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The Next Generation of Intranets

To overcome those limitations, today’s intranet must offer a truly unified, updated interface that makes it easy for users to securely access a variety of data resources and systems — including content management, enterprise resource planning (ERP), and customer relationship management (CRM) systems. Organizations can boost productivity and save money with a modern intranet. For example, in the 2014 IDC report, a global company with 70,000 internal users reported saving more than $50 million annually by unifying access to its various systems.

Access to data resources and systems is only part of the solution. Today’s intranet needs to make it easy for users to consume information, too — especially given how quickly the sheer volume of business data is growing.

It's a tall order. But there are technologies already in place that can bring your intranet into the 21st century and make it much more useful.

* Application Programming Interfaces - APIs enable components of one software program or app to communicate with another software program or app. APIs can help integrate your company’s applications and information resources across your intranet, making it easier for users to perform tasks and get information efficiently.

* Artificial intelligence - An AI-powered workplace assistant application can make your intranet more useful by connecting a variety of enterprise apps such as SharePoint, Salesforce and SAP; creating an intelligent stream of actionable insights; providing robust search tools; and reducing the complexity users often face trying to get the information they need.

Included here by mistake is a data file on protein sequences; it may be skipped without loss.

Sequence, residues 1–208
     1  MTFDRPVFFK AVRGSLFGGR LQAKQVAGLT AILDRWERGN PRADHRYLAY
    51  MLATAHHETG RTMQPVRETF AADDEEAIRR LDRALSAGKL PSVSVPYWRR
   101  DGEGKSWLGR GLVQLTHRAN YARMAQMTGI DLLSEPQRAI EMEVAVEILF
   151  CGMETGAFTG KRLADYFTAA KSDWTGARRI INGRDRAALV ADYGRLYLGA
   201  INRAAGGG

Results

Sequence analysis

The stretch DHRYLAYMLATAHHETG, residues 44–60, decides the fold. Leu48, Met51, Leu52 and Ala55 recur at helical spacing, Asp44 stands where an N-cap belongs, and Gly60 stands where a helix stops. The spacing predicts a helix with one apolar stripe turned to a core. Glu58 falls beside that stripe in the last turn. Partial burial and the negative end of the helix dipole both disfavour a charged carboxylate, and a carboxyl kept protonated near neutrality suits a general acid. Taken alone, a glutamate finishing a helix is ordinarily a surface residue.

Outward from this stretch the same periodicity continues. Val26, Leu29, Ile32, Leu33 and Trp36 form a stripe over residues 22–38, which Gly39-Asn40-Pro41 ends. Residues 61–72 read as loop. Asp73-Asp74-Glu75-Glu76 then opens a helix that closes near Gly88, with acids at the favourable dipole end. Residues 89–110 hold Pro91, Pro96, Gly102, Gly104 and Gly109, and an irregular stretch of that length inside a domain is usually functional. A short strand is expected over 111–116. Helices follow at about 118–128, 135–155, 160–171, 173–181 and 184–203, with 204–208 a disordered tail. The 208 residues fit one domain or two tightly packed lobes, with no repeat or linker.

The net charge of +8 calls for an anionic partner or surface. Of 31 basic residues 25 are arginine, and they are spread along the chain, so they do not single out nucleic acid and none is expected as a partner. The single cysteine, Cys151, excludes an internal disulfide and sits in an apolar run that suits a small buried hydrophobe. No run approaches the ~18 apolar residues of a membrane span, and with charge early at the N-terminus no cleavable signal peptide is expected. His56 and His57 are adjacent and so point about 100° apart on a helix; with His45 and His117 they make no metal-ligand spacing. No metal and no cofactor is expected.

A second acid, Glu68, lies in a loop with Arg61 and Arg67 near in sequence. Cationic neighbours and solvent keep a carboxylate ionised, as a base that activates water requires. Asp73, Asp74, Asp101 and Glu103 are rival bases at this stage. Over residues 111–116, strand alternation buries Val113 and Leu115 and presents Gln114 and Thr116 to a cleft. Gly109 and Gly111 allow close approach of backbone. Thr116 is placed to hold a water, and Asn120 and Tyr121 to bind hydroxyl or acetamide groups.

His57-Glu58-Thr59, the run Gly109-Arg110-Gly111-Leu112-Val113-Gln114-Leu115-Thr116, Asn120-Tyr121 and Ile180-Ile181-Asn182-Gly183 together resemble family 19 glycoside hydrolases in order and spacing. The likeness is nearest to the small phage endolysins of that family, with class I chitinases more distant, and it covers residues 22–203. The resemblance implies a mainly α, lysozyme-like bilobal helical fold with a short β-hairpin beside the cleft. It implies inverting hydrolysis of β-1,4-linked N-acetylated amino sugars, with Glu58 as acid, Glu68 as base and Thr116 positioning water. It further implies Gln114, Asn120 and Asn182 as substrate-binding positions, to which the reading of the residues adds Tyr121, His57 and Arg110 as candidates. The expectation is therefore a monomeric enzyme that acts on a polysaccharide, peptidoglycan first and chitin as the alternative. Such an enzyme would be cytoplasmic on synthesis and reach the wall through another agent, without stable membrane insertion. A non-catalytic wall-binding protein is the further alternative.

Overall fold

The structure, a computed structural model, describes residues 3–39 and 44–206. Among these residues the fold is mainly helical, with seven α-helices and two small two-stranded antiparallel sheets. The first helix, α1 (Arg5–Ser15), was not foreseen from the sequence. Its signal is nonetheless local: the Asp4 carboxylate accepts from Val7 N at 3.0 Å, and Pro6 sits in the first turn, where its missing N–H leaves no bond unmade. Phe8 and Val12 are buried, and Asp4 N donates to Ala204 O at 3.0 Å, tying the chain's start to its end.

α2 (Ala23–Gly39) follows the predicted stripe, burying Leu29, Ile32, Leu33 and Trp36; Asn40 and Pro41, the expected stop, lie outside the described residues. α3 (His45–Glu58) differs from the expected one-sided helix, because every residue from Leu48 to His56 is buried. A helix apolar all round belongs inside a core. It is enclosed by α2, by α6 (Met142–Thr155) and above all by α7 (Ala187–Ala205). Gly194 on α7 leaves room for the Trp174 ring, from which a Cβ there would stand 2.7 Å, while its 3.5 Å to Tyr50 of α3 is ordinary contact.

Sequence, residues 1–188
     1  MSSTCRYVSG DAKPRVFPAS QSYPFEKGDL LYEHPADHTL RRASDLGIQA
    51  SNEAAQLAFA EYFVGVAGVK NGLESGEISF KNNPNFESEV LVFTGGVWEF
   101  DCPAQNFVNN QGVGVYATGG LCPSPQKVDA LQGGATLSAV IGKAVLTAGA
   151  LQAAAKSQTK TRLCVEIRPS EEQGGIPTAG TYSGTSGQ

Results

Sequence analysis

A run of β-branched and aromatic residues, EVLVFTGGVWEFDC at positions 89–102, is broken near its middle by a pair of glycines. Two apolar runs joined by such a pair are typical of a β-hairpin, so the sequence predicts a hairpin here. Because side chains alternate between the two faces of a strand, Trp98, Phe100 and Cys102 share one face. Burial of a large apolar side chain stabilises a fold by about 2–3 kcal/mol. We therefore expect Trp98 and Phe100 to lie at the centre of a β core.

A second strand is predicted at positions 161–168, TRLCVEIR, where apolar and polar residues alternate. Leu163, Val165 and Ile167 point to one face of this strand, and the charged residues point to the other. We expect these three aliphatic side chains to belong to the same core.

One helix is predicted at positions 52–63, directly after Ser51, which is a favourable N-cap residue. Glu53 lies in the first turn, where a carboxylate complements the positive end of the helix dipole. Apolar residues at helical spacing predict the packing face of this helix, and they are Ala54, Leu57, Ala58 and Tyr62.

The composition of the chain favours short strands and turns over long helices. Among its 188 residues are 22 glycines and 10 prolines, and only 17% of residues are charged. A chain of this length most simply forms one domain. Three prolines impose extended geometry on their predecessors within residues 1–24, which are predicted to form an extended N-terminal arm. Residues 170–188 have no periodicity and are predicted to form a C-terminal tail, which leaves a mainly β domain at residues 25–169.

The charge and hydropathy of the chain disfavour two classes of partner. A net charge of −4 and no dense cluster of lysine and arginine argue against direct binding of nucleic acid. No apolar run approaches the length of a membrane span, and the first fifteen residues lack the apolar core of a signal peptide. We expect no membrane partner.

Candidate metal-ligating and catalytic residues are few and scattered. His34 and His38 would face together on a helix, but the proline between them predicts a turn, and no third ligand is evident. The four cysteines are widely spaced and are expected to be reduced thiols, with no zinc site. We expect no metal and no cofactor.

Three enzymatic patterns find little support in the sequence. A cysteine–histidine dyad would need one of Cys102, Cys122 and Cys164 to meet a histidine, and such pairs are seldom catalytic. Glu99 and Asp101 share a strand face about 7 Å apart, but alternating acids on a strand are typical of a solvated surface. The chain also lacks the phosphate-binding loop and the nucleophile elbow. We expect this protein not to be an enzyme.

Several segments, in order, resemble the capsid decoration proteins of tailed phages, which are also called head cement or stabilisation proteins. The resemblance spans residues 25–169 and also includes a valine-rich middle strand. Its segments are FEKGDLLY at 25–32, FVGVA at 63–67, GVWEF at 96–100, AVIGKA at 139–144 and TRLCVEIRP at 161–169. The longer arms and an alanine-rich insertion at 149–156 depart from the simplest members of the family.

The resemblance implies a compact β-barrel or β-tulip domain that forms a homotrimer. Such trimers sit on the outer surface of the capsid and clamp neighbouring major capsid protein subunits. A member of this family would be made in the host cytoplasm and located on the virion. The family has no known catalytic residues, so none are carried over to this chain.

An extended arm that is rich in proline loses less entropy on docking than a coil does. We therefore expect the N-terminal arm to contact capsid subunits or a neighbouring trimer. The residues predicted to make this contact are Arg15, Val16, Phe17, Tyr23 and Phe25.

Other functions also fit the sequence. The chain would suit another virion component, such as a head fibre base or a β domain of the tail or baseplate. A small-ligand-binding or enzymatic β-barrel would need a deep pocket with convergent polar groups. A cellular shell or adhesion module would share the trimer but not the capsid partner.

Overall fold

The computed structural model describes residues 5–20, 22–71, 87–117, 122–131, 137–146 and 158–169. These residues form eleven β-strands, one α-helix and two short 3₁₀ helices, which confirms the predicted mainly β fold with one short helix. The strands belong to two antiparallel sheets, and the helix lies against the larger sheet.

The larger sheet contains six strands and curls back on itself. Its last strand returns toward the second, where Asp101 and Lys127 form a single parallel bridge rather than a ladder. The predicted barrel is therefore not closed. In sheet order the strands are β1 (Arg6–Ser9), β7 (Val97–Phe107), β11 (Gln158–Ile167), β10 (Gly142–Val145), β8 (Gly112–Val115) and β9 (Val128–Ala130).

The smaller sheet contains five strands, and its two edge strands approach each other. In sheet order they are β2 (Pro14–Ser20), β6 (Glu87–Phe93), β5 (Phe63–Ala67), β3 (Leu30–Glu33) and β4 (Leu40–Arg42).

* Cards - The card user interface is relatively new but has gained traction in the past few years. If you’ve used Google Assistant, Twitter, Facebook, Pinterest or many other popular services, you’ve probably interacted with a card.

A card presents a bite-sized summary of information and, if relevant, any actions you need to take. Cards are portable, in the sense that they work well on desktop computers as well as mobile devices. And they’re versatile, able to display content from a variety of sources and apps. You can sort or filter cards based on your preferences, or let algorithms do the work.

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It's Time for a Transformation

Many companies are undergoing digital transformations these days, and their intranets — if they’re to continue to be relevant — must be transformed as well. APIs, AI, and cards are the essential building blocks of that transformation. But, where do you begin?

Start by determining which of your current software applications offers, or will offer, APIs. Investigate off-the-shelf software services that can deliver new efficiencies with artificial intelligence. Look for software platforms that can integrate and make more easily accessible all the information your organization produces and needs.

Above all, brainstorm how you can make your intranet compelling, modern, mobile, and, yes, even fun. If you go that route, employees will use your intranet willingly and frequently. They’ll be more productive and better informed. And your intranet won’t just be relevant again—it will be essential.